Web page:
TherapeuticMD's (TXMD) vagina hormone pill is in double trouble.

Problem No. 1: The FDA. TherapeuticsMD was expecting good news from the FDA on or before May 7 about the approval of TX-004HR, an estrogen therapy for postmenopausal women. But now, the regulatory outlook looks grim. On Wednesday, TherapeuticsMD said the FDA has identified "deficiencies" with the new drug application for TX-004HR.

What are the specifics of the TX-004HR deficiencies found by the FDA? TherapeuticsMD didn't provide any details, even though the company says it's been communicating back and forth with the agency.

TherapeuticsMD's inability to tell investors why FDA has problems with TX-004HR seems odd, even implausible, but it doesn't really matter at this point. FDA does not approve deficient drugs. Barring some miracle turnaround, you can pretty much count on FDA rejecting TX-004HR on or before May 7.

TherapeuticsMD will have an opportunity to correct the problems with TX-004HR found by FDA. Without knowing the nature of the deficiencies, it's impossible to predict with accuracy how long a remediation effort will take, or if it will be successful. Even a minor manufacturing problem can take three to six months to resolve. Anything more complicated could easily cost TherapeuticsMD a year or more of lost time.

Time is the last thing TherapeuticsMD can waste because of Problem No. 2: TX-004HR is a me-too female hormone product entering a mature treatment market where Big Pharma competitors are already coming under selling pressure from a generic entry.

TherapeuticsMD has told investors TX-004HR can be a $500 million product five years after launch. That's a fantasy. The company will be lucky to deliver a small fraction of those sales.

TX-004HR is a capsule filled with estradiol (bioidentical estrogen) that menopausal women insert into their vaginas to deal with the bothersome vaginal changes -- dryness, itching, pain during sex -- that can occur when the body's own estrogen levels fall.

If approved, TherapeuticsMD intends to sell TX-004HR under the brand name Yuvvexy. [That's not a joke, although it should be.]

Postmenopausal women already have a broad menu of locally administered estrogen therapy products to treat vulvar and vaginal atrophy.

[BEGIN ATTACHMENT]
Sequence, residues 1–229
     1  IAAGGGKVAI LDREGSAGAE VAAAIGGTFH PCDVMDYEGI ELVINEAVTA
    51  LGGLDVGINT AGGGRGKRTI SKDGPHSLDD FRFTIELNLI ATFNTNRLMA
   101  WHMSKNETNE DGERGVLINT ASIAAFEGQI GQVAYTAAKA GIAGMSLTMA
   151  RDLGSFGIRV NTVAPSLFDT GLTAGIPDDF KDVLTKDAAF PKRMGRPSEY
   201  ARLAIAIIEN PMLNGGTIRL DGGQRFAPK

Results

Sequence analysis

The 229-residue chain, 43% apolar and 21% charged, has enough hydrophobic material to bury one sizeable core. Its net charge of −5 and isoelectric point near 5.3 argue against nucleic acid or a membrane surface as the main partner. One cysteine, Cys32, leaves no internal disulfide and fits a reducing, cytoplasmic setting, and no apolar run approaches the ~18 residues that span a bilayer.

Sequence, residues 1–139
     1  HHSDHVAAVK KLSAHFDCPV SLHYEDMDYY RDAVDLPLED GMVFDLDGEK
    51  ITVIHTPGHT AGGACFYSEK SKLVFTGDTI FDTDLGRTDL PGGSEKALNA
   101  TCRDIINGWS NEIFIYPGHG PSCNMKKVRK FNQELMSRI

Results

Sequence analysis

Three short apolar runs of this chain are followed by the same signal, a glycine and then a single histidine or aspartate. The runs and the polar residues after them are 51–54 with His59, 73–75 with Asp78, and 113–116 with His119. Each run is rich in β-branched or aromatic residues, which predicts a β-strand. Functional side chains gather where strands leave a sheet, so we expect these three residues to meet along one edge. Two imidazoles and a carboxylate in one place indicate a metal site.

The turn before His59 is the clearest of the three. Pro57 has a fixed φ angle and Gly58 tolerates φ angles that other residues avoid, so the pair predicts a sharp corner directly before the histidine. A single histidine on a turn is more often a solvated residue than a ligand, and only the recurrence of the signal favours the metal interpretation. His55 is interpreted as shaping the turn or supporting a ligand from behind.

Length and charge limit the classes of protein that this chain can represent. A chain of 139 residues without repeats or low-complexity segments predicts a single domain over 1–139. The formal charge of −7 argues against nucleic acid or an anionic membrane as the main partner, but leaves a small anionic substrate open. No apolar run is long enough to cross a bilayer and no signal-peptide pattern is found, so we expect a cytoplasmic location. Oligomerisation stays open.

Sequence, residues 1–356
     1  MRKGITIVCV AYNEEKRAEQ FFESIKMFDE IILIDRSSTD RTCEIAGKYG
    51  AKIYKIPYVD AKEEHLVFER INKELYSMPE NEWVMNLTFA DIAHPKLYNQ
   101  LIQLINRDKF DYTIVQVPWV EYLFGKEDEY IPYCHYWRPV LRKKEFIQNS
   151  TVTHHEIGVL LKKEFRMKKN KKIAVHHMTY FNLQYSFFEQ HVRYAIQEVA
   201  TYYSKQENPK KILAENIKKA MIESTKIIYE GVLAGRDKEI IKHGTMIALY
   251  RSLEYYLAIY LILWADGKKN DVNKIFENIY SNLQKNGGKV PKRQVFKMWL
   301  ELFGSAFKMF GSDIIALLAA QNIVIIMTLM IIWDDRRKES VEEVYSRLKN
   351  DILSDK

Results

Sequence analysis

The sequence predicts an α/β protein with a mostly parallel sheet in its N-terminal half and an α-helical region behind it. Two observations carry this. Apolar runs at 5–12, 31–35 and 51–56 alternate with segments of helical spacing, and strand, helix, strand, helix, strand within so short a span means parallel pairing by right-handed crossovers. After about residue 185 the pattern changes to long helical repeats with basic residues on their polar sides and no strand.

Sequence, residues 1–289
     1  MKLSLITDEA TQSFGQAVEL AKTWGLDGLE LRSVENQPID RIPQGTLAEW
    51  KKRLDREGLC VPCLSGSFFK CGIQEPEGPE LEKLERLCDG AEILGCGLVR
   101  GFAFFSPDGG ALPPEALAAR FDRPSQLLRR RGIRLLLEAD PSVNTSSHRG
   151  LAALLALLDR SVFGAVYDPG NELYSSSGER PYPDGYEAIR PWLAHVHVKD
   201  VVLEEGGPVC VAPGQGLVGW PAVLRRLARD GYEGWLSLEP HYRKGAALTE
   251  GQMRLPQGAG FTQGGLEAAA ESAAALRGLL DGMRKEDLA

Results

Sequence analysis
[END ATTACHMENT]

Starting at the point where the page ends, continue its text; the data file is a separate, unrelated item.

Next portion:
Pfizer (PFE) sells Premarin cream. The company doesn't break out cream sales but the full Premarin product family generated $1 billion in sales last year.

Allergan (AGN) also sells a estradiol cream under the brand name Estrace. 2016 sales totaled $379 million.

More directly applicable to TherapeuticsMD is Vagifem, an estradiol tablet sold by Novo Nordisk (NVO) . Vagifem sales in 2016 totaled $431 million, or which $314 million were from the U.S.

Last October, Amneal Pharmaceuticals launched Yuvafem, a generic version of Novo's Vagifem, which has "led to a rapid erosion of Vagifem sales in the United States during the fourth quarter of 2016," warned Novo in its most recent annual report filed with the SEC. "The erosion is expected to continue in 2017," Novo added. [Two more generic versions of Vagifem could launch.]

TherapeuticsMD stands little chance of making any money at all from TX-004HR in a market where generics are already eroding sales of branded products. A follow-on female hormone product, a combination of bioidentical estrogen and progesterone known as TX-001HR faces the same marketing challenges.

The company's $1 billion market cap is built on shaky ground.

Adam Feuerstein writes regularly for TheStreet. In keeping with company editorial policy, he doesn't own or short individual stocks, although he owns stock in TheStreet. He also doesn't invest in hedge funds or other private investment partnerships. Feuerstein appreciates your feedback; click here to send him an email.

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